“We think of ourselves as a product company. What that means is we always put product and the value we provide with that product to our customers first.”
“You have to have a very clear vision of what you’re trying to do and everyone has to line up behind it. For us, that’s the main thing that makes small businesses successful. Small businesses stand for passion, for variety, for being the base of the economy, and that’s something people get very excited about.”
“We really embrace the sports team character: a shared ambition of what we’re trying to achieve and a supportive culture where everybody is helping each other and is aligned behind the vision. If everyone knows what role they’re playing and how everything fits together, you can achieve anything.”
“When we started the company, we moved into Fridtjof’s home for more than a year and lived there together. You build a very intense relationship over time; you know what each of you is good at. The other two stepped back from operational management about two years ago, but they’re in a position where they help me when I need their advice. It’s my motivation to build a company the two of them can identify with. That is easy because we spent so much time together, working together and building the company.”
“The management style we’re trying to embrace here is of empowerment. We try to give as much responsibility as possible to every single team member and help them, support them, set everyone up in the company for real success. That’s what’s brought us to where we are.”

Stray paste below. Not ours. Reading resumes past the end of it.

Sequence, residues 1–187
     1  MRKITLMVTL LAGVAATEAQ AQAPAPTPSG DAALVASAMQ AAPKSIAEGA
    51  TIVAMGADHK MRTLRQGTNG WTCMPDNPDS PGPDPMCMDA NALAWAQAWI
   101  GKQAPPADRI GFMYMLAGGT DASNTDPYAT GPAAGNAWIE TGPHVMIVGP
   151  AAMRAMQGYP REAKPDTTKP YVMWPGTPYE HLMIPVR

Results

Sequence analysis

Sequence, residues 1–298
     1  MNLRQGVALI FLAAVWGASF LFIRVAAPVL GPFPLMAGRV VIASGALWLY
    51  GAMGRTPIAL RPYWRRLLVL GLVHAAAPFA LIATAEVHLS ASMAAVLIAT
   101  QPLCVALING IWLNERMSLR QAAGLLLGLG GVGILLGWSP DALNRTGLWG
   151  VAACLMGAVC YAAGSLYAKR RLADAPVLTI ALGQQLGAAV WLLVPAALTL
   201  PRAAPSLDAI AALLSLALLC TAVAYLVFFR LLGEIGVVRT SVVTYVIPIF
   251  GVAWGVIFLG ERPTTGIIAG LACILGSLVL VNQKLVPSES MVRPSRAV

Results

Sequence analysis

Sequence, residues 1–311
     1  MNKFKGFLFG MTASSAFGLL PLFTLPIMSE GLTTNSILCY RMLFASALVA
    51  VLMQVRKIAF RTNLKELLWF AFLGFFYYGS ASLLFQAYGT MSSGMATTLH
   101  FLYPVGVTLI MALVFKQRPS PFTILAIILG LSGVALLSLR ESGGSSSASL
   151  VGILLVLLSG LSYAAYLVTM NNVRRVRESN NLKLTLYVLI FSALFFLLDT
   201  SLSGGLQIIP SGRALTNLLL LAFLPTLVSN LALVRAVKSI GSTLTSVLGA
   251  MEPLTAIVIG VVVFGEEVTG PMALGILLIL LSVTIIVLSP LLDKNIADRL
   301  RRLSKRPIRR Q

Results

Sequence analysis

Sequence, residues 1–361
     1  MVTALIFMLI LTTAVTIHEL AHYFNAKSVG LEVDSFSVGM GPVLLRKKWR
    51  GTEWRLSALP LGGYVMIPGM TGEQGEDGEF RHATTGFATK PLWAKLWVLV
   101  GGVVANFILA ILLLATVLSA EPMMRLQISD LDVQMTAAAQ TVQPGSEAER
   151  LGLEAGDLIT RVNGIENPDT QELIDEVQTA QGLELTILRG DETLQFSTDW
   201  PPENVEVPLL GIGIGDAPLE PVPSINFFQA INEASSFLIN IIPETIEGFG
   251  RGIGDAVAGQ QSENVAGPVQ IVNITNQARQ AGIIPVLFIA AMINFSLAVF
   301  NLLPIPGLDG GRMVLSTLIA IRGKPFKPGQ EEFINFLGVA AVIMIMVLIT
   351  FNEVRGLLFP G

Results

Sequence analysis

“I do gliding. Not hang gliding; gliding in a plane without a motor. I started that when I was 13. I was totally airsick afterwards, but I loved it and it became my favorite hobby. It’s a good counterbalance: you go up into the air and you have a very different perspective on the world.”
“Family is a huge part of my life. I rely on them for advice, and my wife and dad are of great support. I also have a very great mentor: Neil Bainton, ex-COO of MailChimp. He’s helping me a lot, my co-founders help me a lot, as do my colleagues.”
“We used to have a partnership with 1&1, for which we white-labelled Jimdo. That didn’t work. We ended that after a year. The company cultures didn’t really fit. It became evident pretty quickly that interests were not aligned. You then have to look at yourself and say: ‘I don’t think this is really working’. You should be super honest and super quick with your feedback, so that you can keep the long-term costs low, and you should be either all in or all out. Anything in between is just going to hurt everyone in the long run.”
“Our most difficult moment was two years ago. We recognized we were getting slower at product development. One of the reasons we identified was that we had grown too fast. So in October 2016, we had to lay off 25 percent of the staff. Acknowledging that we had made mistakes in terms in how we were growing, and losing a bit of focus – that was painful. But at the same time, it really helped to refocus and realize what we really wanted to build. That has gotten us to where we are: taking risks again, being innovative, and creating great momentum.”